He needs to hear the hard criticism – like this, from Peston:

And this, from near-legendary Canary columnist Steve Topple:

Even this is charitable; voters didn’t abandon Labour because they don’t care – they walked away because they do, and because Starmer wasn’t offering them anything they could support.

You want proof?

So that’s that. These people aren’t going to come back to Labour while Starmer remains in charge of what was once their party.

The message of the 2021 local elections is clear, then. For those who are still having trouble grasping it, it is this:

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Starmer silent after Hartlepool calamity. He knows he should resign but will he go?

Are you sitting uncomfortably? Keir Starmer’s relationship to the Labour leader has become akin to that of a squatter in an abandoned house after the loss of Hartlepool in yesterday’s by-election.

I honestly don’t know if Keir Starmer has failed dramatically, or actually achieved his goal.

As leader of the Opposition, his party’s loss in Hartlepool is devastating. A constituency that has been a Labour stronghold since it was created in 1974 has passed to the Conservatives. It means no Labour seat is safe from the Tories.

But many critics have suggested that Starmer’s job as a right-wing Labour leader has been to ensure that – at a time when the Conservatives are burdened with a corrupt and incapable leader, the consequences of failed Brexit and Covid policies, and rampant cronyism – Labour still cannot win an election.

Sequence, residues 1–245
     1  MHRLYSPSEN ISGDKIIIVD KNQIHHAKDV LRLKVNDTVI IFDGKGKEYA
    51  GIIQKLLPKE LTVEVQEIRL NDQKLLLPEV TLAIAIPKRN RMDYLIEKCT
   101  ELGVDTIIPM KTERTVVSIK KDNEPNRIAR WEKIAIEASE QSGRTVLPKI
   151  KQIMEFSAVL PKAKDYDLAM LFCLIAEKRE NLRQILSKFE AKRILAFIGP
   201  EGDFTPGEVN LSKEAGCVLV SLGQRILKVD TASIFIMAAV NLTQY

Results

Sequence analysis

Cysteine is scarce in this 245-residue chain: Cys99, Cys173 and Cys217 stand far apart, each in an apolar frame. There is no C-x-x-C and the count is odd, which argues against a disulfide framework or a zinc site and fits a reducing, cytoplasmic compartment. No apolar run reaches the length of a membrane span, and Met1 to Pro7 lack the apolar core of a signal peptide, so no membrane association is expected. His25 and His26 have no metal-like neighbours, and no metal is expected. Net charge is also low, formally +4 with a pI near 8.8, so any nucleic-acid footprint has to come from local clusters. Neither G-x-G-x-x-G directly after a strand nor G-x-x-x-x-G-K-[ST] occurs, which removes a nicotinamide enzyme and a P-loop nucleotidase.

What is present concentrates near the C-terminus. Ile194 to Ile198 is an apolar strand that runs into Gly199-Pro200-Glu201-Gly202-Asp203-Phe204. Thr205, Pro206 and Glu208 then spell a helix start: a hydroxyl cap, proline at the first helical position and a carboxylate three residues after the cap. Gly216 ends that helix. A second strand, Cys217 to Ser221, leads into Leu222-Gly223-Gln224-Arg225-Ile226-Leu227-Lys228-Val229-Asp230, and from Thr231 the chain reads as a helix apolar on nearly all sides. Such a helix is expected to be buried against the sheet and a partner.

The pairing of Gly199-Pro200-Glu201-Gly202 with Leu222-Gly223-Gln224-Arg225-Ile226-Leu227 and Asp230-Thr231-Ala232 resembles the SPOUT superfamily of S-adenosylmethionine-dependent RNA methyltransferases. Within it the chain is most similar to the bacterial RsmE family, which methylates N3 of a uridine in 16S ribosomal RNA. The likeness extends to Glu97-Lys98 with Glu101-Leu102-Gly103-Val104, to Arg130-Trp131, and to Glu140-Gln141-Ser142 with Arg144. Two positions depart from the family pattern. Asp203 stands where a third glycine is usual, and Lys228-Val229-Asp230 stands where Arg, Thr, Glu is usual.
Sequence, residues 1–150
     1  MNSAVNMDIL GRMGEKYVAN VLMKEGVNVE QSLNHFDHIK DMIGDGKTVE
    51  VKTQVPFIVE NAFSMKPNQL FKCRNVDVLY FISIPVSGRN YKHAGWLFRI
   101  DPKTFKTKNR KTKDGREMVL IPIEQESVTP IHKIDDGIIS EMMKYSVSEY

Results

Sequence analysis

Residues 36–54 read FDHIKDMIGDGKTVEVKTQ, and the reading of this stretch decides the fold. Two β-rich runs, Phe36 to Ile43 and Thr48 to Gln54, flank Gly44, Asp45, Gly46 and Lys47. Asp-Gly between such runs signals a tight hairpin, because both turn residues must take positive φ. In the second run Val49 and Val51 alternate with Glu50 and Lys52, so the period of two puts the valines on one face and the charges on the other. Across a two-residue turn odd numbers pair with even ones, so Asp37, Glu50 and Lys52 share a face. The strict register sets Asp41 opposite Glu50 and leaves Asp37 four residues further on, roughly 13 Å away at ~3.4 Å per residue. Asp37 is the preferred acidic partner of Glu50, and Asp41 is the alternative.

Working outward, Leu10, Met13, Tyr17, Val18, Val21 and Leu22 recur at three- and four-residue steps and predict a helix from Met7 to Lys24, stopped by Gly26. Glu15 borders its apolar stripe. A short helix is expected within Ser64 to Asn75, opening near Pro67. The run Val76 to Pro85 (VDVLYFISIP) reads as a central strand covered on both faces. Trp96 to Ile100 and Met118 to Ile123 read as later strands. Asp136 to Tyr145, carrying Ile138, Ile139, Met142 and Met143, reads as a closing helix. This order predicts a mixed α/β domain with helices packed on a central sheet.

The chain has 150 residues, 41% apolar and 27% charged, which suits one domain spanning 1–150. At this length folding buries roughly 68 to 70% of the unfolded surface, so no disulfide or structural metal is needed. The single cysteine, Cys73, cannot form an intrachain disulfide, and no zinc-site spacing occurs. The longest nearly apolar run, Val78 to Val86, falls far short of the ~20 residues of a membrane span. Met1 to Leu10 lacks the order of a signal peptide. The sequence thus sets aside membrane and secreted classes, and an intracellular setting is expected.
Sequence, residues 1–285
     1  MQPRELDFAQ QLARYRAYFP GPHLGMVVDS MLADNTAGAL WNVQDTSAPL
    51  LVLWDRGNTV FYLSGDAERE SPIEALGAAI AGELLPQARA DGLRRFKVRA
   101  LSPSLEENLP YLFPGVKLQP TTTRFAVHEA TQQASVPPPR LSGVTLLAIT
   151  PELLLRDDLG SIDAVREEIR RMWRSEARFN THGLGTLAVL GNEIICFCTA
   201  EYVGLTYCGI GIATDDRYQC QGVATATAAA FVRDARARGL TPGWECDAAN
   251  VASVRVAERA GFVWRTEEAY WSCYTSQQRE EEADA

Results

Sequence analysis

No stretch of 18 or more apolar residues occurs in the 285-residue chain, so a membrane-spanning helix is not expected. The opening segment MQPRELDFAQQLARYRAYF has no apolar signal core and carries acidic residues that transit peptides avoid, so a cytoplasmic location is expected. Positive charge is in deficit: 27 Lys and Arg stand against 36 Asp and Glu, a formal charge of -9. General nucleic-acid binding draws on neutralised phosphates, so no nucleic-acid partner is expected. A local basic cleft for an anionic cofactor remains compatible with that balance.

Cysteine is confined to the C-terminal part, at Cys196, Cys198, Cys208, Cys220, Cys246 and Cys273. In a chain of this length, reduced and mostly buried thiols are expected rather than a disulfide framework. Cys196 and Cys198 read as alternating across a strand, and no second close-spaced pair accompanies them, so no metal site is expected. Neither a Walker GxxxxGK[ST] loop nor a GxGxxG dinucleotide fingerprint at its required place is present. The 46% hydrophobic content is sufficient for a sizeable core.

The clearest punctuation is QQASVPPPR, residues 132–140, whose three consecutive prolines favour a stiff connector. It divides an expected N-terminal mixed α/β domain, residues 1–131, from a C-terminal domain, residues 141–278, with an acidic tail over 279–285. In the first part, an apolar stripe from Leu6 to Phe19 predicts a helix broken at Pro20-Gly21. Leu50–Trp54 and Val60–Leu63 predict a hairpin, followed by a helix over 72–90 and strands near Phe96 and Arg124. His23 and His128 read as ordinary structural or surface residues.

If the latter is true, then he has succeeded monumentally.

Any sincere Labour leader would see that his time is up; his policies have failed and it is time to go.

But Starmer was silent when he left his house today (May 7). Maybe it is too soon to make official announcements (although Corbyn was prompt enough after the 2019 general election result).

He had claimed he would “carry the can” if the result was poor – but This Writer fears it is more likely that he will try to pass the buck instead.

Already Peter Mandelson has tried to blame the disaster on what he called “the two Cs – Covid and Corbyn”.

Many people consider him to be a certain kind of C, too.

His comment is reminiscent of the claims made by the Tory government many times since they took office in 2010, whenever they have been criticised over a policy failure – that the fault lay with the previous Labour administration.

The facts betray the lie in both cases. Here, it is more than a year since Jeremy Corbyn was leader of the Labour Party. Starmer had himself elected as a “continuity Corbyn” candidate, sure – but he subsequently dumped every single policy promise he made, replacing them with nothing.

As a result, voters were left with no idea what StarmerLabour represents – and it seems to me that this is what has put people off, more than the shadow of the previous leader.